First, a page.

This discussion is in large created by a blogpost by Ricardo Hausmann, former Chief Economist of the Inter-American Development Bank. Transcripts of this post below, the full text post attached. It's an interesting post and resonates fairly well with Stiglitz et. al book publication on 'creating the learning society. The post of Haussman emphasises the difficulties of transferring tacit knowledge if the brains do not come along as well.
- Why is it that today’s smaller and more educated urbanized families in emerging market economies are so much less productive than their counterparts were a half century ago in today’s rich countries. Why can’t today’s emerging markets replicate levels of productivity that were achieved in countries with worse social indicators and much older technologies. The key to this puzzle is tacit knowledge. To make stuff, you need to know how to make it, and this knowledge is, to a large extent, latent – not available in books, but stored in the brains of those who need to use it.
- Getting it there is really tough. Tacit knowledge is acquired mostly through learning by doing. That is how we train musicians, barbers, doctors, and scientists. Consider how long it takes an adult to learn to speak a language or a musician to master the violin. Moreover, tacit knowledge is vast and growing, so that only a miniscule fraction of it fits in anybody’s head. But most products require much more knowledge than fits in anybody’s head, so that making them requires teams of people with different pieces of knowledge, not unlike a symphonic orchestra.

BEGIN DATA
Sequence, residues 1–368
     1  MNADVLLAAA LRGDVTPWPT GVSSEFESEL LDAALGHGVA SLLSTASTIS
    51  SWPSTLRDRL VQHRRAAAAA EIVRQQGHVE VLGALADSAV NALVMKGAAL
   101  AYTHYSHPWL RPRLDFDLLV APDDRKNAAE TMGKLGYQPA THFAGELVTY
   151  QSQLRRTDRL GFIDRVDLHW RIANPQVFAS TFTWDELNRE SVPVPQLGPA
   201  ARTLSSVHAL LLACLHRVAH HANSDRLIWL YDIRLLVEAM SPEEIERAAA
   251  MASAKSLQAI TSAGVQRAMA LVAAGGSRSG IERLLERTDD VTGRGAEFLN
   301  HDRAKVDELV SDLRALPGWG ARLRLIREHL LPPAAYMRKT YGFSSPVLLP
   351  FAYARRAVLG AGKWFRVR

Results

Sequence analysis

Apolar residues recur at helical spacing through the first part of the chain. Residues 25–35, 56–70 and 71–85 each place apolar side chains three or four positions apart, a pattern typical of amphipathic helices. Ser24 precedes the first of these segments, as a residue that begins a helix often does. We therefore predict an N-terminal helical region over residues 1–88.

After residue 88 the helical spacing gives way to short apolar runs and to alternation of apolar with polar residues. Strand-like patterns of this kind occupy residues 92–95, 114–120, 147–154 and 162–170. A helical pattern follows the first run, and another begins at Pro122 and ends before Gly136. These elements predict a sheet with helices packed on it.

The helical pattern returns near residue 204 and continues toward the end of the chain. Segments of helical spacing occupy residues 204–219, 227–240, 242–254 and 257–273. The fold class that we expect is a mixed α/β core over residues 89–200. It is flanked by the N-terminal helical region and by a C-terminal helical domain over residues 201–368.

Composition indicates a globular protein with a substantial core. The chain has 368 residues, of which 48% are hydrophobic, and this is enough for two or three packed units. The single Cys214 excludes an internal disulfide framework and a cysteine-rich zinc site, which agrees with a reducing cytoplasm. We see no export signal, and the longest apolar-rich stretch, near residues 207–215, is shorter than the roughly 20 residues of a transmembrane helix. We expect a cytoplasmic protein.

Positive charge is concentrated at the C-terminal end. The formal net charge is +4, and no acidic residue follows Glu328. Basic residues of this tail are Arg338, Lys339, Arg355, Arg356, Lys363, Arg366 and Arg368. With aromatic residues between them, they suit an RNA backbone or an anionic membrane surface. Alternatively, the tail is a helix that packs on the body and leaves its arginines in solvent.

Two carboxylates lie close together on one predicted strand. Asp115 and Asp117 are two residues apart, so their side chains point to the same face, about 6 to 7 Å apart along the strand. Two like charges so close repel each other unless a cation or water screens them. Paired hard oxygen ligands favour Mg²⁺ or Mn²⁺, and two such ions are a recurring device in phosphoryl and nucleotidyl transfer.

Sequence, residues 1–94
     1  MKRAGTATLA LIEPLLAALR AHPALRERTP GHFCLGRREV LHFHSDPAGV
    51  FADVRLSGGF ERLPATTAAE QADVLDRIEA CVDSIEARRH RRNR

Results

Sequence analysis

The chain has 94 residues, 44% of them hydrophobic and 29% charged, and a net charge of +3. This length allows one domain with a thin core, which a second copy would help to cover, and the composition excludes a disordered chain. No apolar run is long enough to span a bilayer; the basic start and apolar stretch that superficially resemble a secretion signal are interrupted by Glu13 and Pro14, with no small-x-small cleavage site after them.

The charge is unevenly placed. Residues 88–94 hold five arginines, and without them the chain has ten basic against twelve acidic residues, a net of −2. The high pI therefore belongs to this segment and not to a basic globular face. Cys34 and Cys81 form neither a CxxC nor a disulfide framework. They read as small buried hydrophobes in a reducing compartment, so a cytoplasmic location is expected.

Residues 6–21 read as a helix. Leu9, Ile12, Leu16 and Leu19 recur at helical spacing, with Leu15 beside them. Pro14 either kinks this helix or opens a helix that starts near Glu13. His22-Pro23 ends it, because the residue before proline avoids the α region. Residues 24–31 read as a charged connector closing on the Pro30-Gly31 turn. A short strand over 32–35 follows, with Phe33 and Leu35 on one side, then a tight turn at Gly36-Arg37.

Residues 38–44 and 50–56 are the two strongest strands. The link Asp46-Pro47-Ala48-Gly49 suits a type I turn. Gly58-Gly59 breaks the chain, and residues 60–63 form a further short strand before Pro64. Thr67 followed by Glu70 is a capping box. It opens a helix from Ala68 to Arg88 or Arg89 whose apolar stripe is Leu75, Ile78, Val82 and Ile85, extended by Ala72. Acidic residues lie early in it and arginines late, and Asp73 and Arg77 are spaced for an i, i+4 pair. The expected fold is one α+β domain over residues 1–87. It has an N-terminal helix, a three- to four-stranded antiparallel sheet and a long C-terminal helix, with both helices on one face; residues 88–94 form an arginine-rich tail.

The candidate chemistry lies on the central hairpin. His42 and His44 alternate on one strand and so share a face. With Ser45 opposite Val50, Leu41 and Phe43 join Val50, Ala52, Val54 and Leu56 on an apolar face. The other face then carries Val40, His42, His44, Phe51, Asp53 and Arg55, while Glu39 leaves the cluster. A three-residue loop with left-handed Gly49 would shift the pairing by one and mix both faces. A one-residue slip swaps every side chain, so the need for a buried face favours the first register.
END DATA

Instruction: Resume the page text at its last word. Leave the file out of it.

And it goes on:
- Getting more tacit knowledge is easier said than done, because economies can offer experience only on the basis of current jobs. How do people learn to do jobs that do not yet exist? How do they create and mobilize coherent teams of people in new economic activities if the requisite tacit knowledge is missing?
- Recent research at Harvard University’s Center for International Development (CID) suggests that tacit knowledge flows through amazingly slow and narrow channels.
- It is easier to move brains than it is to move tacit knowledge into brains. For example, as the CID’s Frank Neffke has shown, when new industries are launched in German and Swedish cities, it is mostly because entrepreneurs and firms from other cities move in, bringing with them skilled workers with relevant industry experience. They seldom hire locals.